Does God have emotions like ours? As God is the great Unseen, it's impossible to guess. What the Bible does reveal is that Jesus, the divine Son, enjoyed the full complement of human feelings while in our human midst. These included love and friendship, pain and fear, amusement and frustration, and certainly anger. The righteous anger of Jesus is demonstrated in several memorable events, like the cleansing of the Temple, the rebuke of Peter with the words "get behind me, Satan!", or the denunciation of the "whitewashed tombs" of the Pharisees and scribes whose religious example was largely hypocrisy.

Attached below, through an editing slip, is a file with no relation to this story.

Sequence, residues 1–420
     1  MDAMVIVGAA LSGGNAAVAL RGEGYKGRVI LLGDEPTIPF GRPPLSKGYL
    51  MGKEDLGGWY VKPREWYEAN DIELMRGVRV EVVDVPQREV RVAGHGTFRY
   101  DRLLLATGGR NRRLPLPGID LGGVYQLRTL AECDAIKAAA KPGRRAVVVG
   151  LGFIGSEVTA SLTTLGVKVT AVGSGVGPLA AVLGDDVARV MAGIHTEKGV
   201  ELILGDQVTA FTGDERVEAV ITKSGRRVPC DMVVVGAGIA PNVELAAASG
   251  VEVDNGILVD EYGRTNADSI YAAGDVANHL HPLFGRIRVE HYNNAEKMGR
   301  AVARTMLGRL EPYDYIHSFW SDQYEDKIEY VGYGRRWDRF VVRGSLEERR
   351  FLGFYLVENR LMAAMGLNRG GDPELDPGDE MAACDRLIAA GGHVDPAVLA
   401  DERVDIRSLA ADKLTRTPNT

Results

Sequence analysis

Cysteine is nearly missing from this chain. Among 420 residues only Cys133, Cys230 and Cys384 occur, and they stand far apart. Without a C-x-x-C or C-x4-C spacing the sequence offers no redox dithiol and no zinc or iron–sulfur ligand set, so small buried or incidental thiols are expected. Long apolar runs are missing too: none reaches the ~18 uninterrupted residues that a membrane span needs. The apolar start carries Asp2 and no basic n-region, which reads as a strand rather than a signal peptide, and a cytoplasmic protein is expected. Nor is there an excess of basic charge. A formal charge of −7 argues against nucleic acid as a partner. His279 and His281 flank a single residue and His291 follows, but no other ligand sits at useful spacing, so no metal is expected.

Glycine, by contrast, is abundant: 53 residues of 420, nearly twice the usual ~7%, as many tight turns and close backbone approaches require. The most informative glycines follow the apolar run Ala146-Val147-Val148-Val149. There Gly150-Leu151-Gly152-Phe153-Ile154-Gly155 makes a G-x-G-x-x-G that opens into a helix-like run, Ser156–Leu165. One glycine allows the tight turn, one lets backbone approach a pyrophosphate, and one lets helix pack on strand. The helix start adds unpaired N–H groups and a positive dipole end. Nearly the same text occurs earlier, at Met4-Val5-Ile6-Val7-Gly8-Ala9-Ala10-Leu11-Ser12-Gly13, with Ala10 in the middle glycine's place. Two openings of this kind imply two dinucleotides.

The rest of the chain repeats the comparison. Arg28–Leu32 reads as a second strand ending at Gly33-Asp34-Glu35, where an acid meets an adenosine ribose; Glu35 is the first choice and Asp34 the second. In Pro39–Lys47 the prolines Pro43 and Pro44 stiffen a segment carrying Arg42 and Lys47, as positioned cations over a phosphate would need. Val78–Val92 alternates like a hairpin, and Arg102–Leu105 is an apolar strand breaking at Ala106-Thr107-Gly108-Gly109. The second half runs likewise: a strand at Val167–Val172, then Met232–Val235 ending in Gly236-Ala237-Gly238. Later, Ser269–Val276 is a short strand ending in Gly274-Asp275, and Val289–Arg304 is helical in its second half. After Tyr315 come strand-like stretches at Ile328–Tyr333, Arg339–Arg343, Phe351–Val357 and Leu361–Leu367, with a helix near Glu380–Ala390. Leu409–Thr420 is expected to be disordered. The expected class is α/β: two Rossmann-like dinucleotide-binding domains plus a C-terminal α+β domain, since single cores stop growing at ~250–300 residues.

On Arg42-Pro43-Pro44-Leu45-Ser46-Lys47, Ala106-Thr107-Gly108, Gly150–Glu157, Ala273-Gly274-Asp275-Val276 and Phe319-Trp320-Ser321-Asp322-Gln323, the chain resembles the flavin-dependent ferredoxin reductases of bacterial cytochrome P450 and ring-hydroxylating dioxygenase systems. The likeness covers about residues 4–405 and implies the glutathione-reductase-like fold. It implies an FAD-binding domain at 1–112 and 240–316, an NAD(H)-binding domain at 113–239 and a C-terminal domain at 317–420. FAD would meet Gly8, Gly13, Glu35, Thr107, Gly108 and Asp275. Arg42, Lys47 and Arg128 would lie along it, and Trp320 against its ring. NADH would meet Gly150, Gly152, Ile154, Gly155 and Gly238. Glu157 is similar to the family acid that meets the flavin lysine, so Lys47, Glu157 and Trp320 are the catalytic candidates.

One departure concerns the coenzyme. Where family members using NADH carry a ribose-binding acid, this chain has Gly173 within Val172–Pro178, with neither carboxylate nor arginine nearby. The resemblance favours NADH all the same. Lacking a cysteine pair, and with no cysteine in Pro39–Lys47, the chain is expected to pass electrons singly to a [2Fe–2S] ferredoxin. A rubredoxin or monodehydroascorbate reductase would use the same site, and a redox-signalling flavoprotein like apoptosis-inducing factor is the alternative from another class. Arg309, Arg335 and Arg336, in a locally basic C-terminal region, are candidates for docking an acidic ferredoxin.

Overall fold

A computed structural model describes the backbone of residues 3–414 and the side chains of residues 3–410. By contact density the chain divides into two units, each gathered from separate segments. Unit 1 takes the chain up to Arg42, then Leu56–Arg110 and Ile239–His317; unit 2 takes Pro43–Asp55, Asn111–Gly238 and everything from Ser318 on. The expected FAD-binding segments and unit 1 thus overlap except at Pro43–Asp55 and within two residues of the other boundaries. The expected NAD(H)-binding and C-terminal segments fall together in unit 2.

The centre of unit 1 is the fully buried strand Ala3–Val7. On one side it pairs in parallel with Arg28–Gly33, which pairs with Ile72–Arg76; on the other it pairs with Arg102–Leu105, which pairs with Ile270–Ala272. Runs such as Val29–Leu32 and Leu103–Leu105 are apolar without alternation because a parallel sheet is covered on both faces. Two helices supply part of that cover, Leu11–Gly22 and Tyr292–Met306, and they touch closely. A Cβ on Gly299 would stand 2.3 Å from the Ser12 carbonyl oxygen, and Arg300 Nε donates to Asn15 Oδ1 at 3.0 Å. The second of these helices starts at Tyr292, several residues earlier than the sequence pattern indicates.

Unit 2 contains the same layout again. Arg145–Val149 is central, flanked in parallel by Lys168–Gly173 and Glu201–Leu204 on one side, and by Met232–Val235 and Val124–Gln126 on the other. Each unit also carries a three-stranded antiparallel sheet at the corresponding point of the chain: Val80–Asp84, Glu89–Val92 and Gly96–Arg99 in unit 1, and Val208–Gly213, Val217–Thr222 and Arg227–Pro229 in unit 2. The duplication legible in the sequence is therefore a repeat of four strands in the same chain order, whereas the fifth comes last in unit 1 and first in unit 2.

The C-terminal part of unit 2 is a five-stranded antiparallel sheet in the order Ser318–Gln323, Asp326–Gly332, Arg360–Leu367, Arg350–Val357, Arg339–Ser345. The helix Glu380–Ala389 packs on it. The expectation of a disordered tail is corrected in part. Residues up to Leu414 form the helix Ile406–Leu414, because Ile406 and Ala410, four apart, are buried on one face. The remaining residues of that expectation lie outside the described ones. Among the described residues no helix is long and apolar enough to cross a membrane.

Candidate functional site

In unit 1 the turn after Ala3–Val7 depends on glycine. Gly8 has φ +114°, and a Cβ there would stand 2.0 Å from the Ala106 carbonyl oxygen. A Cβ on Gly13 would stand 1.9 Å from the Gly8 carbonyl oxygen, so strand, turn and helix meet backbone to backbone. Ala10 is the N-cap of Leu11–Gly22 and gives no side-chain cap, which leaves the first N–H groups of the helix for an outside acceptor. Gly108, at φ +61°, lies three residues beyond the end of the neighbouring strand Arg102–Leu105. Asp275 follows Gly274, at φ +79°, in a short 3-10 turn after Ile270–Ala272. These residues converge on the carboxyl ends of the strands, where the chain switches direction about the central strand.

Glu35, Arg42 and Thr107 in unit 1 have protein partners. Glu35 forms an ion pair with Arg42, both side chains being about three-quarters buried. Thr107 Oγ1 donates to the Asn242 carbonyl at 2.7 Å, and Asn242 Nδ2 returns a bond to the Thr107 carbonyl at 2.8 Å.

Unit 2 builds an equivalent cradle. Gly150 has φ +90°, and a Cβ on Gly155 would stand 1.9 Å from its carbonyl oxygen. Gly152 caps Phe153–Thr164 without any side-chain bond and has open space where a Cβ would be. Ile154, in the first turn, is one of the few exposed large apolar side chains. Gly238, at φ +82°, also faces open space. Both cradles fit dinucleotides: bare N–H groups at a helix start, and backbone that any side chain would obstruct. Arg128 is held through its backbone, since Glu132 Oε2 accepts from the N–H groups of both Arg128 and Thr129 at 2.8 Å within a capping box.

The Bible does have a lot to say about what we popularly describe as the wrath of God. While it's easy to interpret that as divine outrage, it's properly understood as an expression of divine justice. Because we get even when we get mad, it's not instinctive for us to imagine that God is simply about the business of restoring justice by means of judgment. We're convinced God must be "punishing" us because he's really, really mad. In the Pentateuch, the first five books of the Hebrew Bible, God's wrath is directed sometimes at the enemies of God's people and sometimes at the people themselves—depending on who's in the wrong. Historical books like Joshua, Samuel, Kings, Chronicles, Ezra, and Nehemiah hold plenty of examples of God's wrath, sometimes described as a future "day" when divine debts will be settled.